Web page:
"As Indo-European languages, English and Persian have many words of common Proto-Indo-European origin, and many of these cognate words often have similar forms. However, this article will be concerned with loanwords, that is, words in English that derive from Persian, either directly, or more often, via one or more intermediary languages.
Many words of Persian origin have made their way into the English language through different, often circuitous, routes. Some of them, such as "paradise", date to cultural contacts between the Persians and the ancient Greeks or Romans and through Greek and Latin found their way to English. Persian as the second important language of Islam has influenced many languages in the Muslim world, and its words have found their way beyond the Muslim world.
Persia remained largely impenetrable to English-speaking travellers well into the 19th century. Persia was protected from Europe by overland trade routes that passed through territory inhospitable to foreigners, while trade at Persian ports in the Persian Gulf was in the hands of locals. In contrast, intrepid English traders operated in Mediterranean seaports of the Levant from the 1570s, and some vocabulary describing features of Ottoman culture found their way into the English language. Thus many words in the list below, though originally from Persian, arrived in English through the intermediary of Turkish.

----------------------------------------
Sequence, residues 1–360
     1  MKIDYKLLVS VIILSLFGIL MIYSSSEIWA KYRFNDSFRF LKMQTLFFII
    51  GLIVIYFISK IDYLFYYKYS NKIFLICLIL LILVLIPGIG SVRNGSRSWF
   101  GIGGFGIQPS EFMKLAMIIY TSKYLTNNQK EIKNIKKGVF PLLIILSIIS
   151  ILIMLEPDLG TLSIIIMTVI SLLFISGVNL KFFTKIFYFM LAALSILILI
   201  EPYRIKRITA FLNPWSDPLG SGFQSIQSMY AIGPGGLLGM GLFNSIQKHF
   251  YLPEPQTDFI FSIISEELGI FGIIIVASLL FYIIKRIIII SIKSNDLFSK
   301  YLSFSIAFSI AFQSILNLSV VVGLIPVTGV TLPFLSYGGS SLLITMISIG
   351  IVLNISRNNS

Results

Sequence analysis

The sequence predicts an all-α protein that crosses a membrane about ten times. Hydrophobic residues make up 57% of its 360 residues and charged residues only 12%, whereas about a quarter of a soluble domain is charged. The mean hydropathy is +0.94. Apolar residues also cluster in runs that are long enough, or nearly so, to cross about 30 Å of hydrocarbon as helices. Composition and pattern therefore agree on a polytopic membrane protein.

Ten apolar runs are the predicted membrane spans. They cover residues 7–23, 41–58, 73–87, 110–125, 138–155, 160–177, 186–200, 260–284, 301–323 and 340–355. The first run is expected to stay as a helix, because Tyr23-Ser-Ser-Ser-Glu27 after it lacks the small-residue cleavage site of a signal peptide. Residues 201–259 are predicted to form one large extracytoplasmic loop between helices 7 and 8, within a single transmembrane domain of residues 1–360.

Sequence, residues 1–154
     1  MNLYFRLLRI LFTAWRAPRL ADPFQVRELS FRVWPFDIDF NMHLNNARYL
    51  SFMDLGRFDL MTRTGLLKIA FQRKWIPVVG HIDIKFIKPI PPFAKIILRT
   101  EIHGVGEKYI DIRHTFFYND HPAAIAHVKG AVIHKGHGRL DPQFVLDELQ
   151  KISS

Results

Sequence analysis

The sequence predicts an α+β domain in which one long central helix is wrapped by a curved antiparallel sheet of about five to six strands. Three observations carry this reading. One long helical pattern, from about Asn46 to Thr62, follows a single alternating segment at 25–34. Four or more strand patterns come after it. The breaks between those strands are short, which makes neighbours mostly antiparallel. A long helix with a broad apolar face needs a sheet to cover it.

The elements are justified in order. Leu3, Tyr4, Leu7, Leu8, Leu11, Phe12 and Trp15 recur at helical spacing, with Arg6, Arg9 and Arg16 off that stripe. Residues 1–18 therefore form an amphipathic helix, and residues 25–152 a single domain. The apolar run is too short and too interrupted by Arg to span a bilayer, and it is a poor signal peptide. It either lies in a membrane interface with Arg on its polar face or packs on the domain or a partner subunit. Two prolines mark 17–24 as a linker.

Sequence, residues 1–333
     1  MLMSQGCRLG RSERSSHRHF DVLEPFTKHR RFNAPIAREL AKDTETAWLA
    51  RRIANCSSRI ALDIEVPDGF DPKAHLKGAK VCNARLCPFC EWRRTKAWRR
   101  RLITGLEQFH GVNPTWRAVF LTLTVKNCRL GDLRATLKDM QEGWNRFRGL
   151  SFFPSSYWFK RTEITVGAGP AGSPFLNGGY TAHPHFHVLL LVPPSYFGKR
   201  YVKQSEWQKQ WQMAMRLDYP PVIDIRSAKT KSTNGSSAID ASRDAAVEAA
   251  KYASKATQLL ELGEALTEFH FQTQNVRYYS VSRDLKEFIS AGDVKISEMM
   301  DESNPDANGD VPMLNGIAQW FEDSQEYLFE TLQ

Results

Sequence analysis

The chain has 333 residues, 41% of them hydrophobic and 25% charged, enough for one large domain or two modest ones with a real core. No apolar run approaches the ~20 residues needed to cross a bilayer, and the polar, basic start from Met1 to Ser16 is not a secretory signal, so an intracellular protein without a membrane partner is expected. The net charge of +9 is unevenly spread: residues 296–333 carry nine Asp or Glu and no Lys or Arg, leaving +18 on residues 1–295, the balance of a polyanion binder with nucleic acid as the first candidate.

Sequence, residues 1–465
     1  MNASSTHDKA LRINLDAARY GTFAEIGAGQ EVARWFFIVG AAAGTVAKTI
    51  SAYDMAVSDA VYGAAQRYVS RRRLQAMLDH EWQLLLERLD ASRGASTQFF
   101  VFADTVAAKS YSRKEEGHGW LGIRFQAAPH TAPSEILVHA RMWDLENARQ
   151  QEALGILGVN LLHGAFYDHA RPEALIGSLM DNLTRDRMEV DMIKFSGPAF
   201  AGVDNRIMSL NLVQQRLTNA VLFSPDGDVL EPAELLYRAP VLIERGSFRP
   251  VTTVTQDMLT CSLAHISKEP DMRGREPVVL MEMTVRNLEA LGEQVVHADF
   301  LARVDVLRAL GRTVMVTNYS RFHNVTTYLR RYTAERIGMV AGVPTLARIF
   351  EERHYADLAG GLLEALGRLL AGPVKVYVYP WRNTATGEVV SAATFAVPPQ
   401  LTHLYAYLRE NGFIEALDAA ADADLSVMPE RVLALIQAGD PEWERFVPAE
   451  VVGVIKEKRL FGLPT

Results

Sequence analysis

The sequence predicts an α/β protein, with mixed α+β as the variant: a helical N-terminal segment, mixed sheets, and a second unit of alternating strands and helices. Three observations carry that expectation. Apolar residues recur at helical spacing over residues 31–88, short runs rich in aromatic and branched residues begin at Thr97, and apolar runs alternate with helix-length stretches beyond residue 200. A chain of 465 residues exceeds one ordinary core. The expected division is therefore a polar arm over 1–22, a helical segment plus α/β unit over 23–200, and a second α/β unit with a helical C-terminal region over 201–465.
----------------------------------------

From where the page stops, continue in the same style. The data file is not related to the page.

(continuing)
Other words of Persian origin found their way into European languages— and eventually reached English at second-hand— through the Moorish-Christian cultural interface in the Iberian peninsula during the Middle Ages thus being transmitted through Arabic. "
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